Regeneration of the tendon of the GM took place in eight out of 12 patients. For these eight patients a tendon was detected at the distal femoral growth plate, but for only five of them a tendon was observed at the knee joint line, which lets us deduce that the regenerated tendons do not insert in their original localization, the pes anserinus superficialis, but in a more proximal position. This is in accordance with the findings of the majority of the previous studies after single ST tendon harvest or combined harvest of ST and GT. A more proximal insertion was shown in MRI [6, 28, 31, 34, 39], sonography  and surgical exploration . Few authors, however, found in MRI or macroscopically during surgical exploration regenerated tendons at its normal insertion [1, 24]. Even a tibial insertion distal of the original point of insertion of the harvested tendon was detected, but with a more proximal musculotendinous junction . Latter was confirmed by several authors [15, 21, 37]. It was hypothesized that the more proximal tibial insertion and musculotendinous junction had functional consequences and would lead to strength deficits especially for deep knee flexion angles (≥ 70°) [1, 4, 22, 23, 33, 35]. It was hypothesized that the more proximal tibial insertion and retraction of the muscle belly would lead to a shorter knee flexion moment arm and that therefore the concerned muscles are not able to produce the same amount of force [34, 35, 39]. At lower grades of knee flexion, the BF and SM muscles are the main producers of knee flexion strength and able to compensate here a loss of ST (and G) muscle strength [6, 39]. After ACL reconstruction with ST and GT autograft a correlation between the number of regenerated tendons and the strength deficit was shown . Microscopically a fibrous structure appeared after 6 months, which evolved to a structure similar to the preharvest tendon after 2 years [11, 13], but some small areas with scar tissue persisted . To summarize, scientific knowledge remains controversial if it comes to tendon regeneration and functionality of the regenerated tendons.
The present study has some limitations. First of all, more included patients would be favorable. Nevertheless, this was a pilot study looking for trends, where GT harvest might influence knee degeneration and muscle morphology of the thigh. All patients since starting with use of GT for chronic ACJ stabilization with a minimum follow-up of 1 year were tried to be included. Obviously, the risk of a type-II-statistical error was well-known. Unfortunately, the initial cohort was further decimated because of accidental harvest of the ST tendon.
A second limitation is the cross-sectional study design. Comparisons were only made between the surgical and contralateral limb. No presurgical comparisons existed and we had no data about the evolution of cartilage lesions, CSA of the thigh muscles and tendon regeneration over time. The present study cohort included only two female patients and therefore separate analyses on gender differences could not be performed. Some patients also presented short times of follow-up, which could make it difficult to detect degenerative changes or tendon regeneration. A correlation between the total combined WORMS and time of follow-up, however, could not be established. However, analysis of the radiologic consequences of isolated GT harvest in uninjured knee joints represent a novel and valuable addition to the literature.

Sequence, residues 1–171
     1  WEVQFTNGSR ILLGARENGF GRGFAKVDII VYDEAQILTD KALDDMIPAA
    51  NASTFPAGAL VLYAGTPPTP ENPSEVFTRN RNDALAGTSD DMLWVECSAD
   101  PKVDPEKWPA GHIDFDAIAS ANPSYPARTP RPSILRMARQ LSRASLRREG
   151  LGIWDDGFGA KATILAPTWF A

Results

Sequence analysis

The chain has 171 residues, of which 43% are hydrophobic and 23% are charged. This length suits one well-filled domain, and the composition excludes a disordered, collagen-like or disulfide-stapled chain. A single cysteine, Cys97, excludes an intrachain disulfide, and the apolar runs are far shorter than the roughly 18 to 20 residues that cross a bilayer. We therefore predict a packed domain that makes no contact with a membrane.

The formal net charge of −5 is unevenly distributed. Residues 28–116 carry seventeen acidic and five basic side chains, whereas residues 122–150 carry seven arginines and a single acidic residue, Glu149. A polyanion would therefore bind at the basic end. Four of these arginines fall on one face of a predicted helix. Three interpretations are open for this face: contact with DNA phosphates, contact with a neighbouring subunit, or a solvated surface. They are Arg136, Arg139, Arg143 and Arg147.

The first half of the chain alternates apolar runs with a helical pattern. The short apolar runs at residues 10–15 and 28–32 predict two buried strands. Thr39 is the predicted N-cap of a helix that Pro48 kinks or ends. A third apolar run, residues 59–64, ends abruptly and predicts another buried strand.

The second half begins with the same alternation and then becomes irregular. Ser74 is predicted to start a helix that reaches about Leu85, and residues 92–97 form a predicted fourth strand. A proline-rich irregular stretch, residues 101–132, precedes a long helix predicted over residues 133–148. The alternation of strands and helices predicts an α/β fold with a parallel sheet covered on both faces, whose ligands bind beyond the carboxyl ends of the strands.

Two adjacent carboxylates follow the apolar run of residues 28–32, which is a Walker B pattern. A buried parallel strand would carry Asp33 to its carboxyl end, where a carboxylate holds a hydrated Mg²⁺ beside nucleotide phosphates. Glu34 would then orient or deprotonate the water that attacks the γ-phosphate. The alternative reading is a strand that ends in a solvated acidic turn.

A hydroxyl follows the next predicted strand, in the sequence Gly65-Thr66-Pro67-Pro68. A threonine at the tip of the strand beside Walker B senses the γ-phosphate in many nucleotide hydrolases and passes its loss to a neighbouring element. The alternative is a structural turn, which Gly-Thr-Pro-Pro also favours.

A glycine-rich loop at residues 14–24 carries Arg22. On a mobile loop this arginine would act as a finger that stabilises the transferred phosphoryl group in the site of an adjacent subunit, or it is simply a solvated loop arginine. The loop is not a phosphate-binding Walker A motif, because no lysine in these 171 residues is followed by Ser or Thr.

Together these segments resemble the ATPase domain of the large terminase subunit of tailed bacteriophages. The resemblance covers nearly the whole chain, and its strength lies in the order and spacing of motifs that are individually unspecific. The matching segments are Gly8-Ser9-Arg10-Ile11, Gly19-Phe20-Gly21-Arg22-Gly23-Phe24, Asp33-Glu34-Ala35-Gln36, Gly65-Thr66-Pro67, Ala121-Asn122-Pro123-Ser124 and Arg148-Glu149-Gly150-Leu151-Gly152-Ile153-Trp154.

Isolated harvest of the GT for shoulder procedures did not affect knee MRI significantly indicating therefore in general suitable graft utilization for surgeries outside of the knee. GT regenerated in most patients with just a more proximal insertion and a hypotrophy of the muscle belly.
Availability of data and materials
The datasets used and analyzed during the current study are available from the corresponding author on reasonable request.
Whole-Organ Magnetic Resonance Imaging Score
Anterior cruciate ligament
Medial patellofemoral ligament
Medial tibiofemoral joint
Anterior medial femoral condyle
Central medial femoral condyle
Posterior medial femoral condyle
Anterior medial tibia plateau
Central medial tibia plateau
Posterior medial tibia plateau
Lateral tibiofemoral joint
Anterior lateral femoral condyle
Central lateral femoral condyle
Posterior lateral femoral condyle
Anterior lateral tibia plateau
Central lateral tibia plateau
Posterior lateral tibia plateau
Region of interest
Intraclass Correlation Coefficient
Body mass index
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This work was supported by the AGA - Society for Arthroscopy and Joint Surgery under research grant No. 63.
Ethics approval and consent to participate
All procedures performed in this study were in accordance with the ethical standards of the institutional research committee and with the 1964 Helsinki declaration and its later amendments or comparable ethical standards. The study was approved by the ethics committee of our institution (no. EA2/104/12) and all patients gave written consent. The study was registered at the German clinical trial register (no. DRKS00007100).
Informed consent was obtained from all individual participants included in the study. Additional informed consent was obtained from all individual participants for whom identifying information is included in this article.
Author M. T. Provencher received IP royalties and speaker fees from Arthrex Inc. as well as consulting fees from Slack Inc. and Joint Research Foundation. All other authors declare that they have no conflict of interest.
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Research performed at Charité – University Medicine Berlin
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Flies, A., Denecke, T., Kraus, N. et al. Tendon regeneration and muscle hypotrophy after isolated Gracilis tendon harvesting - a pilot study. J EXP ORTOP 7, 19 (2020). https://doi.org/10.1186/s40634-020-00236-8